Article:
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January 18, 2018  |  Login
 
Vaginitis
 
by James F. Balch, M.D. and Mark Stengler, N.D.

Vaginitis is an inflammation of the mucous membrane that lines the vagina. The symptoms usually include burning or itching and may extend to abnormal vaginal discharge, painful urination, and pain during sexual intercourse. The vast majority of women will experience vaginitis at some point during their lives, and the unpleasant symptoms usually send women to their doctors for treatment.

Vaginitis is commonly caused by an overgrowth of yeast (Candida albicans). Common symptoms may include vaginal itch and/or soreness, burning, a cottage cheese-like discharge, and pain during intercourse. A physician can make a diagnosis, after a microscopic examination and a culture of the vaginal secretion. Other common conditions can mimic vaginal yeast infections These include bacterial vaginosis (BV); the symptoms of this bacterial infection can include an abnormal grayish-white vaginal discharge and a foul-smelling vaginal odor. Another common cause is trichomonas vaginitis. This is a sexually transmitted disease caused by a one-celled microorganism called Trichomonas vaginalis. Symptoms include a foul-smelling, yellowish-green vaginal discharge and itching. Symptoms worsen during menstruation. This section focuses on yeast-related vaginitis. It is important to see your doctor to discover the cause of your vaginitis, because certain infections can be quite serious.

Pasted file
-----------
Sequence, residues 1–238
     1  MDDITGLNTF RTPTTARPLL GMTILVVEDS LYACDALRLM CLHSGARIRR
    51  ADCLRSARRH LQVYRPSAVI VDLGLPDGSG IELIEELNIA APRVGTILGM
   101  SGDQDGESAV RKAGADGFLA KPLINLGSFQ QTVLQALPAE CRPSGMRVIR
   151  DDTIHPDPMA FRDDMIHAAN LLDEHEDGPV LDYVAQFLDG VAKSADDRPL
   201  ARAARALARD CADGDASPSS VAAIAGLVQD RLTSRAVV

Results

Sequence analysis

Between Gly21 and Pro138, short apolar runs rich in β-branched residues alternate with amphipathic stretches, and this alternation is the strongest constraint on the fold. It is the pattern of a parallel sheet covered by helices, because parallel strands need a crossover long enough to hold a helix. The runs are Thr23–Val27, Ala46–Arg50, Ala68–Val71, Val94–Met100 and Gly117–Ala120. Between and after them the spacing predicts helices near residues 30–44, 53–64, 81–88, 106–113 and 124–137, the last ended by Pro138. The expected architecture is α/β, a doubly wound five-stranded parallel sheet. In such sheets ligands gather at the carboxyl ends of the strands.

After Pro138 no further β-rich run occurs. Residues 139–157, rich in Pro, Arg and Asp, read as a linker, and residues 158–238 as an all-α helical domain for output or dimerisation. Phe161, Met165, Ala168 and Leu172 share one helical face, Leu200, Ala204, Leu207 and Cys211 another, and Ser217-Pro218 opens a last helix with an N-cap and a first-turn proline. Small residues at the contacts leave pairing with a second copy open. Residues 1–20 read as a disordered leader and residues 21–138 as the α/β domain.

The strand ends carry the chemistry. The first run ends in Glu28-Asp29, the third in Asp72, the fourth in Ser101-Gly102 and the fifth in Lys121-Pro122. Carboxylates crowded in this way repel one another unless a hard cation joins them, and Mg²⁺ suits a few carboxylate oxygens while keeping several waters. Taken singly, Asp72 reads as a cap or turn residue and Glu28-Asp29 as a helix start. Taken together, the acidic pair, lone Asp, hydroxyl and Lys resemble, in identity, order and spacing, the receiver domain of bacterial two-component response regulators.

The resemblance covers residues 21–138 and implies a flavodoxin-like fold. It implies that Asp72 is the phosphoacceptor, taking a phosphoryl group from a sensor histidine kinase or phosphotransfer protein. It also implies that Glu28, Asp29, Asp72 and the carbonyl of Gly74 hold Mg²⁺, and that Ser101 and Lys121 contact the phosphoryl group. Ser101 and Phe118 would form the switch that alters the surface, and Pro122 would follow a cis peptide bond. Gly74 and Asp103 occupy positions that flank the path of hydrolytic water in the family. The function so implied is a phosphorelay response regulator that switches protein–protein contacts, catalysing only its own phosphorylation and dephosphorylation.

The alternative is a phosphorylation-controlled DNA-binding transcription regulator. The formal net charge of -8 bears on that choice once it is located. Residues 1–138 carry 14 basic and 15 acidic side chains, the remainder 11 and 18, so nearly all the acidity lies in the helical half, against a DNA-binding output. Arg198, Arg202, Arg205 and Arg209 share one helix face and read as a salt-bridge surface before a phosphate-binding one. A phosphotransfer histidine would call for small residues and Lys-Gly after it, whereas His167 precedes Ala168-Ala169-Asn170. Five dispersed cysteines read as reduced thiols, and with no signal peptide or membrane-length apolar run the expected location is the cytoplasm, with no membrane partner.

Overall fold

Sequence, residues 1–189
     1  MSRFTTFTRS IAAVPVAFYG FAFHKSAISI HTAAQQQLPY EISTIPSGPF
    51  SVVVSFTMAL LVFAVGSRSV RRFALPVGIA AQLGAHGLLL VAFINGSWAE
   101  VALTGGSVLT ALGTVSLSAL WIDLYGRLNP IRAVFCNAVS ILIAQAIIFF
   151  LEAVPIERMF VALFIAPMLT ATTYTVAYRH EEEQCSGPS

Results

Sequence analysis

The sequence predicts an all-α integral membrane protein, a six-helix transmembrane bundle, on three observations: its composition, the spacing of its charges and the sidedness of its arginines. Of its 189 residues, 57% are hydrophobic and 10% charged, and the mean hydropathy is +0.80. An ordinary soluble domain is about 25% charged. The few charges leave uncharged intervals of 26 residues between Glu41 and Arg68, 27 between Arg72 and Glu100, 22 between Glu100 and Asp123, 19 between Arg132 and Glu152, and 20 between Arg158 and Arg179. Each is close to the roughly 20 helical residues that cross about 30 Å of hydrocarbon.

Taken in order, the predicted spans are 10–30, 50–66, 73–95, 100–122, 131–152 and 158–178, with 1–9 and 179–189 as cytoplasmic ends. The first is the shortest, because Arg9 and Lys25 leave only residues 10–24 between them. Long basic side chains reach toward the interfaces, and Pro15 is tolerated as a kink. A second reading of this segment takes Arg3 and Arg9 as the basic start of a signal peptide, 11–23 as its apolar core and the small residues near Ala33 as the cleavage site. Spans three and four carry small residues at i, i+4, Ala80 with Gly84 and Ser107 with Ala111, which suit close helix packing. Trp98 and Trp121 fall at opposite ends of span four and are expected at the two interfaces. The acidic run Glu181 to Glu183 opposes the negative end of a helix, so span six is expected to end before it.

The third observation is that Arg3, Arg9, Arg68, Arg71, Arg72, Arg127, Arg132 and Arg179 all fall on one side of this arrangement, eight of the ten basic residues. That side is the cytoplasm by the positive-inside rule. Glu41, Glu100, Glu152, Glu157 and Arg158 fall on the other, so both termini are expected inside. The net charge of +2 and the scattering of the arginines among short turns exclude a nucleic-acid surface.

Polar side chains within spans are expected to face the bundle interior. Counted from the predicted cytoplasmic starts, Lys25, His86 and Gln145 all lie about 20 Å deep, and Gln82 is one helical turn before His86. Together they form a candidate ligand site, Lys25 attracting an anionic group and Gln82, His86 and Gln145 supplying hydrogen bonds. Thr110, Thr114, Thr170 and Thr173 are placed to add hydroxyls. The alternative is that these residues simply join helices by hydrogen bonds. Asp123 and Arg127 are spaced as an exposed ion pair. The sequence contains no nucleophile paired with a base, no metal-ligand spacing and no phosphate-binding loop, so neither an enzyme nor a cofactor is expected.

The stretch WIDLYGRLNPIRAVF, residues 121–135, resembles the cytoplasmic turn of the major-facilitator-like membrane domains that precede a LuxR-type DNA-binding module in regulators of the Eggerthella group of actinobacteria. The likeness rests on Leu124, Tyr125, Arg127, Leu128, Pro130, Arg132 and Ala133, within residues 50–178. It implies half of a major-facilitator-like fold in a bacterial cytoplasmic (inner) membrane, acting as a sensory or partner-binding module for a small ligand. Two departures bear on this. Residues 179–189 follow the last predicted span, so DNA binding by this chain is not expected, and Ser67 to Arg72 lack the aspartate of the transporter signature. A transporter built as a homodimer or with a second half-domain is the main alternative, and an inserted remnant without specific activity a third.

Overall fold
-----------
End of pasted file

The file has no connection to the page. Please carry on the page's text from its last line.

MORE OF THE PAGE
Women who experience chronic yeast infections often have a common history of being on repeated courses of antibiotics. While antibiotics may destroy harmful bacteria, they also have the potential to wipe out helpful normal flora in the vagina, as well as in the urinary and digestive tracts. Good bacteria, such as Lactobacillus acidophilus, play an important role as part of the local immune system in the vaginal area. They function to prevent the overgrowth of yeast and other opportunistic organisms that can cause infection. In addition, these good acidophilus species help to maintain an acidic pH in the vagina, which makes it less likely that an overgrowth of yeast will occur. These good bacteria also produce hydrogen peroxide, which is a natural antimicrobial agent that kills bacteria and fungus.

Acidophilus supplements taken internally, as well as applied directly into the vagina (insert at night and cover with a pad), are an effective means to prevent and treat yeast infections. This remedy is best done under the supervision of a doctor. In addition, it's helpful to eat yogurt that is rich in friendly bacteria. A 1992 study found that women who consumed 8 ounces of yogurt daily had three times less incidence of vaginal yeast infections, as compared to women who did not eat the yogurt.

A key dietary factor that will help prevent reoccurring vaginal yeast infections is to reduce simple sugars in the diet. Yeast thrives on sugar, and too much of it has a suppressive effect on the immune system. Finally, be aware that food sensitivities can aggravate yeast infections for some women.

The immune system is constantly on the lookout for opportunistic organisms such as the yeast Candida albicans. When functioning optimally, it keeps unhealthful organisms in check. High stress, poor nutrition, and other factors can impair immune function, allowing for the overgrowth of candida.  ....read more

 
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